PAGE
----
In Hiroshima, Japan, a Teenager Finds an Unexpected Home

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A trip to Japan’s most misunderstood city teaches a young traveler what it means to belong.

My name is Daisy—though, here I sometimes go by my Japanese middle name, Tomoko—and I’m 17 years old. My dad is Japanese American and my mom is white, so in Japan, I am referred to as hafu or half Japanese. The truth is that I’m not really Japanese at all. I’m American, born and raised: My family has been in the United States for four generations. I speak elementary Japanese that I learned through a summer course. My closest family in this country are third cousins whom I’ve never met. Despite all that, in the United States, I am still seen as foreign, apart from the fabric of society. People will ask, “Where are you from?” or “What are you?” The answer they want is not, “I’m from California. I’m an American.”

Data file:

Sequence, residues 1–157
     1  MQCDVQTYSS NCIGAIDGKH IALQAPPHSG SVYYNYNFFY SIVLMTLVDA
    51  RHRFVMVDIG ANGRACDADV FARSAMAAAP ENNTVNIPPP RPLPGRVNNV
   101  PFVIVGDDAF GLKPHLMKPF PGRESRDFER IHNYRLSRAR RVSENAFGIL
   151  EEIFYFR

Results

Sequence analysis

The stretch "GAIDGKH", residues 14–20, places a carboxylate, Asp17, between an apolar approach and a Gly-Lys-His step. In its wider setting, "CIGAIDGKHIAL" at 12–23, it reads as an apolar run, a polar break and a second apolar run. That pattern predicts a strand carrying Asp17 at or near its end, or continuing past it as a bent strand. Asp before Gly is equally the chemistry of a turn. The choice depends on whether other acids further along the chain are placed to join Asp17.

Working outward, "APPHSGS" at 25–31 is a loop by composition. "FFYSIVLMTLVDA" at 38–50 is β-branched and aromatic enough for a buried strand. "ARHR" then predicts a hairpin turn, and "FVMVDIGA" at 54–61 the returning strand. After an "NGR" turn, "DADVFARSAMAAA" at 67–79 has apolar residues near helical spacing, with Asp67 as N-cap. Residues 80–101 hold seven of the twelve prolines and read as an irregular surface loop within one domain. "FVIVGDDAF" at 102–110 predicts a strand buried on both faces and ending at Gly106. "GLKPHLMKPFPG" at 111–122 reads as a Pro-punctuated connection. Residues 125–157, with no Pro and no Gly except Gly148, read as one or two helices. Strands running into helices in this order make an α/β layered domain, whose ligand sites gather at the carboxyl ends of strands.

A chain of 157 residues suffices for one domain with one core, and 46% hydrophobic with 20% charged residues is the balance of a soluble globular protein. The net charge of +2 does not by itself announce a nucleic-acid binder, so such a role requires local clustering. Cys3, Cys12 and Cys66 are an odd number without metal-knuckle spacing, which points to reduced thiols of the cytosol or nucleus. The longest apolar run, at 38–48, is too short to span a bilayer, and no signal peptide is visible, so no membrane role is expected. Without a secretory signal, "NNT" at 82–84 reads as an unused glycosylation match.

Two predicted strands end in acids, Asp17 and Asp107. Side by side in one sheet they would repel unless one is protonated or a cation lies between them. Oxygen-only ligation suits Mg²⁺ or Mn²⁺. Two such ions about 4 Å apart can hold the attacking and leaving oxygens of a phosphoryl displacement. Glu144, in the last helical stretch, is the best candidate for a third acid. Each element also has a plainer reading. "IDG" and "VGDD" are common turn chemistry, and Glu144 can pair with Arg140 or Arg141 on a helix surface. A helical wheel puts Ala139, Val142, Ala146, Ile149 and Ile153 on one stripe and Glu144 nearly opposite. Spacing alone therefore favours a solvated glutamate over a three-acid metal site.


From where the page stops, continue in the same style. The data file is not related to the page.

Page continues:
Daisy Okazaki